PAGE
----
Intro: 2024 Harley-Davidson CVO Road Glide ST Is A High-Performance Hog

Intro: 2024 Harley-Davidson CVO Road Glide ST Is A High-Performance Hog

© 2024, Roadracing World Publishing, Inc. By Michael Gougis.

I kicked the shift lever, slammed the transmission into fourth and cranked the throttle open wide, taking full advantage of the immense amount of torque on hand to let the massive engine pull from the bottom of the rev range and keep spinning. I had already put a couple more clicks of compression damping into the shocks, and when the beast drove through the dip at the apex of the big sweeper at the Las Vegas Motor Speedway Classic Course, everything stayed calm and stable. I ground the floorboard all the way through the sweeper and just kissed the rev limiter, the speedometer display flashing triple digits for just a second, before it was time to grab the front brake lever and slow to a crawl for a switchback series of coned-off U-turns designed to slow us down and keep the riding relatively sane.

Harley-Davidson took journalists to the racetrack to sample The Motor Company’s 2024 CVO Road Glide ST, the day before we got the chance to briefly ride the Street Glide and Road Glide standard models on the street. Rain brought the street ride to a premature halt, but not before we had a solid first impression of all three models of the thoroughly revamped Grand American Touring motorcycle platform. “We started from the ground up, and we touched everything,” said Scott Nash, Chief Engineer.

The highlight of the new model range is the CVO (Custom Vehicle Operations) ST — the ST stands for Sport Touring. The $42,999 machine is “the quickest, fastest and most sophisticated performance bagger ever produced by Harley-Davidson,” the company says. And it owes its existence to the company’s involvement in King of the Baggers racing with MotoAmerica. Company officials say the idea for the model emerged during its first season of racing in the new class, and lessons learned on the track have been transferred to the new CVO ST. One example: The throttle mapping for the bike’s track modes  (and yes, modes as in multiple track modes, Track and Track-Plus) are cut and pasted from the factory Screamin’ Eagle Road Glide King of the Baggers racebike.

New technology for the CVO ST centers around the Milwaukee-Eight 121 High Output engine. The 1977cc (121 cubic-inch) V-Twin powerplant revs to 5,900 rpm and puts out a claimed 127 bhp at 4,900 rpm and 145 lbs.-ft. of torque at 4,000 rpm. The new intake flows 26% more air than the standard 121 intake, and the HO version eliminates the variable valve timing mechanism to make the engine more efficient at higher rpm and to save two pounds. Titanium mufflers with forged carbon-fiber end caps improve exhaust flow.

The gas tank, wheels, and brakes have been re-designed to reduce weight. How far did Harley-Davidson engineers go to make this machine lighter? The CVO ST has what one company official described as “performance floorboards.” They are shorter and lighter with cutouts to further reduce weight. The bike still weighs 800 pounds dry, but in a performance machine, every pound counts. Fully adjustable 47mm inverted Showa forks work with a pair of remote reservoir/fully adjustable rear shocks.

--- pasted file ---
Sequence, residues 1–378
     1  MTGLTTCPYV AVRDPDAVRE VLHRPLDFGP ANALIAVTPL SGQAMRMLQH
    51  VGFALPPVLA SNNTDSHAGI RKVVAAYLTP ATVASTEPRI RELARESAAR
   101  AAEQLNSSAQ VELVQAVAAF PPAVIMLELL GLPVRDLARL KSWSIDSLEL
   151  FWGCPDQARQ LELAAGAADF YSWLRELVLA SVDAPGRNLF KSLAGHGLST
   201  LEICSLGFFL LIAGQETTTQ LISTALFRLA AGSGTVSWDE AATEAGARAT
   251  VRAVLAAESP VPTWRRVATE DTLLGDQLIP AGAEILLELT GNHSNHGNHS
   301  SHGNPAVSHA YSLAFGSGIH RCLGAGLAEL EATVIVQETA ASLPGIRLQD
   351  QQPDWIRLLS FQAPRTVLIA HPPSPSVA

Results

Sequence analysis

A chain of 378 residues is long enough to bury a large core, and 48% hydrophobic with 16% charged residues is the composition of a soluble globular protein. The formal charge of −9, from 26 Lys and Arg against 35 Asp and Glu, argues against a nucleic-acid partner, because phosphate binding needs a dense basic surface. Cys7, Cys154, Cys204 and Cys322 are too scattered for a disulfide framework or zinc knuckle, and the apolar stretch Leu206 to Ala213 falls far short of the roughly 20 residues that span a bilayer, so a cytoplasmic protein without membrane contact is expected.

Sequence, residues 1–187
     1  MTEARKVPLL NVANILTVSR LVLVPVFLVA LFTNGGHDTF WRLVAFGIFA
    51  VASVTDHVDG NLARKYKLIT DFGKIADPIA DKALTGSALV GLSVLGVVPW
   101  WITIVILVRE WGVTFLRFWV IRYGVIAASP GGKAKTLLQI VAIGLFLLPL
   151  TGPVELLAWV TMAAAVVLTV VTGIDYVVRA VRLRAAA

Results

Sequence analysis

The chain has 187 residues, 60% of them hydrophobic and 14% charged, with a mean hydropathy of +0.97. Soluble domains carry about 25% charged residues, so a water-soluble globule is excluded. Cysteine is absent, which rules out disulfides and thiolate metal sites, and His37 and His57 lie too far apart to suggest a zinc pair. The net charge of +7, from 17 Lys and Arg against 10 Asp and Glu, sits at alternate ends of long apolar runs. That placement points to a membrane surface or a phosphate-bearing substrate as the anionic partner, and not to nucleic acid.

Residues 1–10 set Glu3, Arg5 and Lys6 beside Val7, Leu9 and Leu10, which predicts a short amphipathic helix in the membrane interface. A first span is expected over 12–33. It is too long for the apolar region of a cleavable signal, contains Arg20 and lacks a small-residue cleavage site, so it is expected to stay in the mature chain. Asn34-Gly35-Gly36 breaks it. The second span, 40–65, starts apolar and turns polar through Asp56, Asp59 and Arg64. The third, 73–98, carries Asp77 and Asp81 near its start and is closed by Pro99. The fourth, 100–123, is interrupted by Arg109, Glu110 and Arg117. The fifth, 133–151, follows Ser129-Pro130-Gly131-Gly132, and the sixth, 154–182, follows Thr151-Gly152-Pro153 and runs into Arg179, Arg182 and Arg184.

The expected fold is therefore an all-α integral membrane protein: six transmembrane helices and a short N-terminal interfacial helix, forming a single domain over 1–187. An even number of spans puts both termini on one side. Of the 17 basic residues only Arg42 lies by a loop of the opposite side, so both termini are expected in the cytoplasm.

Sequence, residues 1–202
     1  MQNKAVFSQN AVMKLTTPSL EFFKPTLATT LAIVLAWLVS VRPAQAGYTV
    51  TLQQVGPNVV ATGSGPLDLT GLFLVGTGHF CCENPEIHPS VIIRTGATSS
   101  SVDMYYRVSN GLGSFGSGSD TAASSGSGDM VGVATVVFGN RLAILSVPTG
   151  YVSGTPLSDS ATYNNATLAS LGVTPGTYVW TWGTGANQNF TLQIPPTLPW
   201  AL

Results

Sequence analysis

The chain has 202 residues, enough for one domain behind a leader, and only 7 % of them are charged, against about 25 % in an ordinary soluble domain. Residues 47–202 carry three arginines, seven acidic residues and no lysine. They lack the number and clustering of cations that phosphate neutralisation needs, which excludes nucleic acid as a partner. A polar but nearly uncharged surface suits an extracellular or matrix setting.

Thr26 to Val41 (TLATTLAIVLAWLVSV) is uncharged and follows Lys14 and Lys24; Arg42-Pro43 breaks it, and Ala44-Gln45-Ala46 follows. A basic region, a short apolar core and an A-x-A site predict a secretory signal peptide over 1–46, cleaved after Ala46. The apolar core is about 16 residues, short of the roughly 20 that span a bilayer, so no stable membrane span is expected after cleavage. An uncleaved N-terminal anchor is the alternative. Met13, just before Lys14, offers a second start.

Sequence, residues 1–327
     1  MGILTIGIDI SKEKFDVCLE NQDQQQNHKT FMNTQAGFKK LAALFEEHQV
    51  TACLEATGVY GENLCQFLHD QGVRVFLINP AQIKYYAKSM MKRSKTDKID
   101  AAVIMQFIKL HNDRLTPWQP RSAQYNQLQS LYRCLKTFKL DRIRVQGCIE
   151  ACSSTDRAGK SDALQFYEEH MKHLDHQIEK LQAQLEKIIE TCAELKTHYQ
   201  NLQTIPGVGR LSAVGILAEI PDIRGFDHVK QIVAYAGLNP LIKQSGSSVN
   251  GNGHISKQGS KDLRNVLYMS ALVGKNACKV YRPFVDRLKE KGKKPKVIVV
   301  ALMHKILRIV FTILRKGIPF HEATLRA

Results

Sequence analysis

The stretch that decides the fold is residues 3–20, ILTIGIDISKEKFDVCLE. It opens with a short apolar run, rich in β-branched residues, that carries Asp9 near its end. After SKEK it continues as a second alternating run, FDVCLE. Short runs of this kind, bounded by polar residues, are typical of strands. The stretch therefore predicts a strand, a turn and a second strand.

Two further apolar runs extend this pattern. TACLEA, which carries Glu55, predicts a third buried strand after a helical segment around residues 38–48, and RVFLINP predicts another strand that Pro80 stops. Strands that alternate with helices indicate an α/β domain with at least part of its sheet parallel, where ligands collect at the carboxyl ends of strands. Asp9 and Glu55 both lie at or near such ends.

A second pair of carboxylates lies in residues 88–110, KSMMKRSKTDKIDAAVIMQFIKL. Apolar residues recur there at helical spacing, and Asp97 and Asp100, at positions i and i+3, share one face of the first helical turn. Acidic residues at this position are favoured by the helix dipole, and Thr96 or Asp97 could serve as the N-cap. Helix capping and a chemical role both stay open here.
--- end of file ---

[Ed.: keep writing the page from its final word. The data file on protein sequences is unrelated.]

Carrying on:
I was always aware of the mass, but the bike pulls away from a standing start smartly. The engine really is impressive, as it accelerates with little vibration all the way to redline and feels like it could spin significantly higher–it feels enthusiastic. But I found that riding a gear higher allowed me to access that down-low torque and avoid shifting as often. Interestingly, the Sport riding mode is a bit more aggressive right off of idle than the track modes. Softening the throttle response in that part of the rev range in Track mode allows the rider to get into the throttle more aggressively at corner exits on the track, where the rider is feeling for traction and grip and modulating rear wheel spin while leaned over. The rider in Sport mode is likely to be completely straight up and down and trying to make an impression when leaving a stoplight …

The upgraded suspension works well at speeds that are outside the machine’s design envelope. With a little more fine-tuning, the hint of wobble that occasionally reared its head likely could have been dialed out. And whenever I felt the bike starting to get uncomfortable, I’d look down at the speedometer and realize I was going far quicker than I’d go on the street! Vibration was minimal, the sound out of the pipes was a celebration of internal combustion, and the only real thing I’d want in this machine was a change in the ergonomics–specifically, lower handlebars. The CVO ST has a six-inch handlebar riser. The lower Street Glide handlebars were more to my liking.

Harley-Davidson marketeers noted a few years back that its customers were spending less money on “profiling” (flashy paint, customized aesthetics) and more on performance. Inspired by the monsters the Motor Company was building for the race team, the marketeers found that the in-house focus on performance aligned precisely with what Hayley-Davidson customers wanted. The CVO ST is the confluence of those trends. A day at the track revealed a big, solid touring motorcycle with a definite performance edge that is still true to its Harley-Davidson roots, a bike worthy of the “Fast Johnnie” stickers that are part of its livery.

(Just for fun, look up the legend of Johnnie, the pig mascot of the legendary Harley-Davidson Wrecking Crew. Somebody really, really needs to do that again!)

A more complete riding impression and technical overview of the 2024 Harley-Davidson CVO Road Glide ST and the Road Glide and Street Glide models will be available in an upcoming issue of Roadracing World.

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